All it took was one year for Richie Shaffer to go from the Tampa Bay Rays’ first baseman of the future to a serious question mark. Touted as an advanced prospect after the Rays selected him in the first round of the 2012 MLB Draft, Shaffer’s first season at full-season ball was a disaster as he managed just a .254/.308/.399 line in 519 plate appearances at High-A Charlotte. His power was conspicuously absent, and his plate approach looked even worse as he struck out 106 times against just 35 walks. After such a season, Shaffer headed to Double-A Montgomery in 2014 facing a critical season. It has only been a few weeks, but Shaffer’s 2014 could not have gone any better so far.
In 62 plate appearances for the Montgomery Biscuits, Shaffer has a .264/.371/.642 line with 4 doubles, 4 homers, 10 RBI, and an impressive 14-9 strikeout to walk ratio in 62 plate appearances. Since going 0 for 4 with a pair of strikeouts on Opening Day, Shaffer has reached base via a hit or walk in every game since. It says something that even amid this hot streak, Shaffer has hit only .264, but the bigger thing to notice is his plate approach. Shaffer’s strikeout rate has actually gone up from 20.4% to 22.6% from 2013 to 2014, but the reason for that has been that he is working deeper counts, resulting in not only walks but better pitches to hit. Shaffer’s homer rate has jumped from 2.3% of his plate appearances to 6.5% and his extra-base hit rate has gone from 8.5% to 16.1%. Even with the 2014 sample size being so small, both of those increases are statistically significant (at least 40 to 1 odds of occurring by chances alone for both). The Rays knew right from the start that Shaffer had big-time power, but for whatever reason, he could not tap into it against professional pitching. Now he finally has started doing so and it is exciting to see.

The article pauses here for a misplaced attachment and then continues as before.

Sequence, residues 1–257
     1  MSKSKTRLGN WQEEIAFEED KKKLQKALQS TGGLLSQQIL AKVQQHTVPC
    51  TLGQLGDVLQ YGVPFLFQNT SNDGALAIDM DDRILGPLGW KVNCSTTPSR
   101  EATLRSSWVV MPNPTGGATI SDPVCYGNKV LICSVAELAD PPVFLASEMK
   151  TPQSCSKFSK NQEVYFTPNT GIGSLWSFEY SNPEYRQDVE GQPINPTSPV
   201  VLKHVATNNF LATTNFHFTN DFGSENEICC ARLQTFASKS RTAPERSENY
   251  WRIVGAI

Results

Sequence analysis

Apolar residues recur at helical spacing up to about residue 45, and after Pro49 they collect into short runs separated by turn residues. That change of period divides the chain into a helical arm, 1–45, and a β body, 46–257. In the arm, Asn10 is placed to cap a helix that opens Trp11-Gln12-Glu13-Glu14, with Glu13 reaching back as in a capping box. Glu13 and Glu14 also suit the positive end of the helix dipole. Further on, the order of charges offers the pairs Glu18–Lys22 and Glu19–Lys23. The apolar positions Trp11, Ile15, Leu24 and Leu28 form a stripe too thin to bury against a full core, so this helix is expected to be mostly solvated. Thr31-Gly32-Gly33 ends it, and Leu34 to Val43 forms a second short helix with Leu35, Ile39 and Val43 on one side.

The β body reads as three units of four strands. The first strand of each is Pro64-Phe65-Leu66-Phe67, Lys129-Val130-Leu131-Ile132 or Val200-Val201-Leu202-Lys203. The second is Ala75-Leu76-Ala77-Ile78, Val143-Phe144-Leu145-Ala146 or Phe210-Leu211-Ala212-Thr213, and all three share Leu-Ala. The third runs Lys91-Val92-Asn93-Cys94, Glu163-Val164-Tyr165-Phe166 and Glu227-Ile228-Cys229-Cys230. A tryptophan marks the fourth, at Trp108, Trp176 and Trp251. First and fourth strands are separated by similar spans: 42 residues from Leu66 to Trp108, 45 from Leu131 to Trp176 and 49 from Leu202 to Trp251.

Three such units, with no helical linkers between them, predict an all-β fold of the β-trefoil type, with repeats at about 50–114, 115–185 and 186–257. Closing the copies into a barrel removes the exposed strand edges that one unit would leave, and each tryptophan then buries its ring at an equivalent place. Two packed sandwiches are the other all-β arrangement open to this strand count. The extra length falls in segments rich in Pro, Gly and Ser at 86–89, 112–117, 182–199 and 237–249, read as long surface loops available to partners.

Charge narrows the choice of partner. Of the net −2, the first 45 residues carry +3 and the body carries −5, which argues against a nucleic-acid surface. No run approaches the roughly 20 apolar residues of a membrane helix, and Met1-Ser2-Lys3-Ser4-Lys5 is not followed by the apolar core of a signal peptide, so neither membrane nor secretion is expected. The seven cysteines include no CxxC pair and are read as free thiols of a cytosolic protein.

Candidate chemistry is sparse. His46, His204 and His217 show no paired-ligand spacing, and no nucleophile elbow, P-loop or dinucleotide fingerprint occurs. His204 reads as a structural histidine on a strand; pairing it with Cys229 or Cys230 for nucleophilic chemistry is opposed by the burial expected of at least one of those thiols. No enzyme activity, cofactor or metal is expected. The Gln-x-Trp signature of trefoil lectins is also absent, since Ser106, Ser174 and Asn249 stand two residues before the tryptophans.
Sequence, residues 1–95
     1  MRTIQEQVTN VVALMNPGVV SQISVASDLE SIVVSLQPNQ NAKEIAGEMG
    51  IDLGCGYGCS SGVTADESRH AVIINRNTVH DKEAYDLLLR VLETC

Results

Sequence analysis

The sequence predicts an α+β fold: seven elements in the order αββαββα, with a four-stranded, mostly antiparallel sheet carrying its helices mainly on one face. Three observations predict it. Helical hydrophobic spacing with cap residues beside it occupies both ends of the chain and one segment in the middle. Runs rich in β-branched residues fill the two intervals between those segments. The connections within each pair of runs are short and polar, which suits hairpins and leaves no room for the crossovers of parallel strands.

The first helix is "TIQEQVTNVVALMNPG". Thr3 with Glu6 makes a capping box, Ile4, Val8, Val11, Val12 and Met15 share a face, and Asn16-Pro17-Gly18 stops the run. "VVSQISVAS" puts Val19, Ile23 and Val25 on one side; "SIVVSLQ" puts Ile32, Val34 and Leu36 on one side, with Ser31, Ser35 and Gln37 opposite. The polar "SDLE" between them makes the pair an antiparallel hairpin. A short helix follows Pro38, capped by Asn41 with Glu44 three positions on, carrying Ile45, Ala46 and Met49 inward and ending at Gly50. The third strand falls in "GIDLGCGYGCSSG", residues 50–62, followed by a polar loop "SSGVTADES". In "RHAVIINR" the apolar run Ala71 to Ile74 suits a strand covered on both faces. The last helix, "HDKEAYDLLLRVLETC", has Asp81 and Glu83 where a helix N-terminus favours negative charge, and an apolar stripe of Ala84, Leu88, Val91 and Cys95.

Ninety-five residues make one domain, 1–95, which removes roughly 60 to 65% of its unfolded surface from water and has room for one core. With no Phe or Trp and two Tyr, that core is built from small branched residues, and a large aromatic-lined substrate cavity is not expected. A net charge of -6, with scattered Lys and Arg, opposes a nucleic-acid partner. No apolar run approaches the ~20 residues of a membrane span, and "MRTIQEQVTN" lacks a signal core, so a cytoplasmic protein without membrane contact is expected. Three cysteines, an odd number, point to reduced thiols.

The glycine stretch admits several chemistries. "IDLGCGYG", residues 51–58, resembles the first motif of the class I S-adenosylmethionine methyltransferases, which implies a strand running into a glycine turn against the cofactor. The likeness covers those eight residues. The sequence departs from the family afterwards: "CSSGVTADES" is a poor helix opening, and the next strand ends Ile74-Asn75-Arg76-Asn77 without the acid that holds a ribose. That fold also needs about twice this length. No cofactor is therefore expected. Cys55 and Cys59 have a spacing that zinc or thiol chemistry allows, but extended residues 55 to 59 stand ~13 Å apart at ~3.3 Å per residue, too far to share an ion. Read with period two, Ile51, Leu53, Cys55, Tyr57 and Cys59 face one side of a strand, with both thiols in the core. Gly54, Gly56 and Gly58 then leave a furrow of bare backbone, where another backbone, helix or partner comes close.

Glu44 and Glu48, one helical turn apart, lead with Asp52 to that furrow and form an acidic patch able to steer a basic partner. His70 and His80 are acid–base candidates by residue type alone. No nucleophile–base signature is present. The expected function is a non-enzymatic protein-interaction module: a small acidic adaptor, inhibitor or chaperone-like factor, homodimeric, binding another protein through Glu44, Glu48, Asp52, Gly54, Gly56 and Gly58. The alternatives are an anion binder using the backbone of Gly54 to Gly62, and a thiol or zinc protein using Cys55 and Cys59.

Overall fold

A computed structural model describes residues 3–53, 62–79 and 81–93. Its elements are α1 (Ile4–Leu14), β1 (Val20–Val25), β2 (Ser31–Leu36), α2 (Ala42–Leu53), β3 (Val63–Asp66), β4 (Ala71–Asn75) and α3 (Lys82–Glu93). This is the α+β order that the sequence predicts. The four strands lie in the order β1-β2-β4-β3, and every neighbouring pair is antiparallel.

Richie Shaffer still has work to do in order to sustain this hot start. Even though he has been exponentially more patient at the plate, he still has swung and missed at a few too many breaking pitches outside of the zone, contributing to his relatively low batting average. Shaffer does not need to hit for a high average to be valuable player if he is walking and hitting for power, but advanced pitchers can exploit flaws with pitch recognition and that is the next adjustment that Shaffer will have to make. The other matter is Shaffer’s defense. He does have a strong arm, but at 6’3″, 218 with questionable range at third base, a corner outfield spot or first base could make more sense for him down the line. Shaffer has yet to play a defensive position other than first base in the minor leagues, and we have to think that the Rays will start trying him out at other positions before long. The bottom line, however, is that as long as Shaffer hits the way he is capable, the Rays will find a spot for him.
The Tampa Bay Rays drafted Richie Shaffer imagining he could be a formidable middle-of-the-order bat to complement Evan Longoria. Wil Myers was acquired a year and a half later, and the Rays were gushing over the possibility of having three impressive hitters like Longoria, Myers, and Shaffer on their team for years to come. Shaffer’s development is not done yet, but the dream of him joining Longoria and Myers looks as alive as ever. The way Shaffer is hitting, we may even see the trio together in the Rays’ lineup for a game or two in September.